The story, however, has sad overtones.  Elizabeth died in 1885, followed a year later by her husband Thomas, leaving a young family orphaned with her two youngest children only 12 and 8 years old.  Margaret went to live with her eldest sister Elizabeth, with  Mary Jane joining  the household of her older brother Henry in Blackpool.  

 At the age of 28, Mary Jane married John William Oldham in 1905 at St. John's Church, Blackpool, but she continued to face tragedy in her life, when her youngest daughter Hilda  died aged 6 in 1915.  (Below - family photograph c.1909 with Hilda and older daughter Elsie). 

Seven years later, Mary Ellen was sadly hospitalised and remained there until her death in 1945.    

With thanks to my third cousin Stuart, for the use of the family  photographs. 

 Do take a look at earlier postings in this series

1. Alice English (1884-1945) - A Brick Wall at My Grandmother
2. Edith Danson (1907 -1885) - My Feisty Aunt 
3. John Danson (c.1789-1836) - A Family Black Sheep
4. Florence Adelaide Mason (1898-1965) - An Unknown American Cousin. 


Saturday, 25 January 2014

Joining a WorldWide Genealogy Collaboration

Julia at AnglersRest has come up with  an innovative blog inviting 31 bloggers from all over the world to sign up   to write a post about genealogy, local or family history on a specific  day each month.  I am delighted to say I am part of this new network, with my  posting date the 8th of the month. 

January is seeing the authors introducing  themselves, with a strong Australian presence,and representation from across  the USA,  joined by bloggers from the Netherlands, England, Scotland, Wales and Guernsey in the Channel Islands.  It promises to be a fascinating collection of articles as we share our research and learn from others. 

For a full list of contributors - click HERE

Do take a look at the new site 

Worldwide Genealogy ~ A Genealogical Collaboration

Wednesday, 22 January 2014

Sepia Saturday - A Wartime Winter's Tale

Sepia Saturday give bloggers an opportunity to share their family history and memories  through photographs.

I  had to be inventive in responding to this week's prompt, as all my snow photographs date from the 1970's and no-one in my family has ever taken part in winter sports.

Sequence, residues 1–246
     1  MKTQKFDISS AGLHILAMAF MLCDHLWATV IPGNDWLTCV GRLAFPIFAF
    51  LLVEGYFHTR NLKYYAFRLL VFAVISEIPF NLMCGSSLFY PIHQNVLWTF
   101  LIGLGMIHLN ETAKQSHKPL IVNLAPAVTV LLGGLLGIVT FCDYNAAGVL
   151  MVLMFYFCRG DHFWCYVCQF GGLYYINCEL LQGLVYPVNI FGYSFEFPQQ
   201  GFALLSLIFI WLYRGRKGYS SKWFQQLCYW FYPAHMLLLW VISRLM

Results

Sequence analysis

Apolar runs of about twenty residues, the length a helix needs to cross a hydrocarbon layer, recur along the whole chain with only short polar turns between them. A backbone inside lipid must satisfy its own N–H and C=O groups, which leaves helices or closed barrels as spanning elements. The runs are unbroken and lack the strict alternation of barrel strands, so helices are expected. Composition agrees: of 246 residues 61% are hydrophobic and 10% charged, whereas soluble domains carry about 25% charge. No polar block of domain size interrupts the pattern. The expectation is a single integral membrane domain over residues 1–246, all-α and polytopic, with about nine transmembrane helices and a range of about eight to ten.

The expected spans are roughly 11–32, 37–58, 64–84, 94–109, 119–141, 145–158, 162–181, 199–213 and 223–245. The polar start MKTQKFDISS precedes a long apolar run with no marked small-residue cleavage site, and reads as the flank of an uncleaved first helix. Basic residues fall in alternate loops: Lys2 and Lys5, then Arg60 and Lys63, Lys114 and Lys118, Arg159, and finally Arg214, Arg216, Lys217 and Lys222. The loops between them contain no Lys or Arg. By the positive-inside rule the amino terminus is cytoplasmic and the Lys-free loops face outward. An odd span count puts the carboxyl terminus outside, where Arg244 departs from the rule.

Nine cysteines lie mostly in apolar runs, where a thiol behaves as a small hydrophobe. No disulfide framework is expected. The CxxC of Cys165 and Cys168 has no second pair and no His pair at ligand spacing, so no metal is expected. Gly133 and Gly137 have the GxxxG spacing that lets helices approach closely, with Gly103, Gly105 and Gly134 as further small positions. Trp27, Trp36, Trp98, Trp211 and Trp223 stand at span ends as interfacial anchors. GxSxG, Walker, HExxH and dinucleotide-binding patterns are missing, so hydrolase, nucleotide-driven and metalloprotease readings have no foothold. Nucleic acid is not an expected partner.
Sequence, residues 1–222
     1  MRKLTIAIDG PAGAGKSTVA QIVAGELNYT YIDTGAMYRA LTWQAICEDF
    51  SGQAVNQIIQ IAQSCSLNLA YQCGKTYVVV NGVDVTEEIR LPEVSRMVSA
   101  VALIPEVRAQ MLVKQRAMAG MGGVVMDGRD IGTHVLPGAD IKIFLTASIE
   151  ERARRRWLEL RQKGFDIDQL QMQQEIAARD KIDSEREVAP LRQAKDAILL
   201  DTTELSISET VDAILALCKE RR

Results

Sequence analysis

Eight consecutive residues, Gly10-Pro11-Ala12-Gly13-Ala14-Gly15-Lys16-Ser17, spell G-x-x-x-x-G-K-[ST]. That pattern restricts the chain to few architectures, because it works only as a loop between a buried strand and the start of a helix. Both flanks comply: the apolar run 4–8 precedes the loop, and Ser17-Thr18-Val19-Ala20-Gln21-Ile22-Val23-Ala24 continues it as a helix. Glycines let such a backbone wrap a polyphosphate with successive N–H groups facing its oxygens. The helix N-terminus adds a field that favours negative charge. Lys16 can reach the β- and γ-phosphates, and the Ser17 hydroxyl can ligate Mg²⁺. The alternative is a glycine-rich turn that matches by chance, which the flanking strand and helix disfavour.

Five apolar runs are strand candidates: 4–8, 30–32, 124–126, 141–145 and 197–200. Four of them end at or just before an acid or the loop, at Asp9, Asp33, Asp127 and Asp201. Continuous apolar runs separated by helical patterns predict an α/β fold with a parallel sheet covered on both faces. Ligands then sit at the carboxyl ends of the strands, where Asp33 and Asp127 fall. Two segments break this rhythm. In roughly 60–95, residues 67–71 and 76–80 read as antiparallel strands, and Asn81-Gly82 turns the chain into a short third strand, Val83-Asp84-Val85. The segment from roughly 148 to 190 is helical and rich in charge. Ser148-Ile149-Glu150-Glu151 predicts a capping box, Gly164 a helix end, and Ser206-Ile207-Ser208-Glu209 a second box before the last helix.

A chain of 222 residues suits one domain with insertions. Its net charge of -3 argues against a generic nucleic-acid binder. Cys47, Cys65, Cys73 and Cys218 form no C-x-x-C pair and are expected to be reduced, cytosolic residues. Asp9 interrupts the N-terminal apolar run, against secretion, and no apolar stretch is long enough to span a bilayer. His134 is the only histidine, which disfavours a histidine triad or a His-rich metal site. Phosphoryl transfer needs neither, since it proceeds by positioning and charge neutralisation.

But I had two snowy photographs in my father's collection, recalling his time in Luxembourg in 1944.  So, here is his wartime winter tale, told in his own words.

Dad  served in the RAF Codes & Ciphers Branch and was indoctrinated into the mysteries of Enigma and the One-Time Pad code, with training at Bletchley Park and Whitehall. London.  He then became part of the Special Liaison Unit, a team of analysts formed by  Frederick Winterbotham to scan, digest, and file the messages, with channels established for forwarding key messages to the appropriate field commands. 

After training, Dad   was seconded to General Bradley’s US 12th Army Group HQ. He landed at Omaha beach just after D-Day and advanced via St. Mere Eglise, Avranches, Versailles, Paris, Verdun and Luxembourg through to Wiesbaden in Germany. 
"We arrived in Luxembourg.  General Bradley's Hotel Alpha was opposite the badly damaged railway station.  We had a good hotel at the back and were able to buy some very good cakes in the town. I became friendly  with a former member of the government [Mr Battin]  and was invited to his house. He produced champagne from his cellar and served them with lovely cakes with kirsch in them"

Dad (left) with Mr Battin and his daughter - 1944

 A rare chance to sample some home life in time of war!
Dad on the right with the Mr Battin's daughter.  

A picturesque scene of  Luxembourg, found in Dad's album.
Two more photographs below from the same album  .

Dad maintained contact with the Battin family for a long time after the war, exchanging Christmas cards etc.  In 1961  we moved to York and he named our new house  "Arlon" after  a place  in Luxembourg which obviously held fond memories for him.

His story continues......

A Meal of five Boiled Sweets

"It was now December 1944 and bitterly cold – lots of ice and snow. Out of the blue at 4a.m. on December 16th came a major attack on the American front.  It was pandemonium...... This was the Battle of the Bulge.  We carried thermite bombs in a safe in our operations vehicle to be used to destroy our codebooks and machines. We had rifles fully loaded with us at all times.......Anyone moving around that night not giving the correct password (which was Betty Gable), was shot on the spot......The weather did improve somewhat. We were dropped supplies of food and more important the GIs got further weapons and ammo. supplies. 

At one stage we  were being served up five boiled sweets for one meal!"

This meal of five boiled sweets became an, often repeated,  apocryphal family story.  It was only much later that I came to realize it masked the awful scenes he must have witnessed.  

Copyright © 2014 · Susan Donaldson.  All Rights Reserved

 Click HERE  to read other snowy tales from Sepia Sepians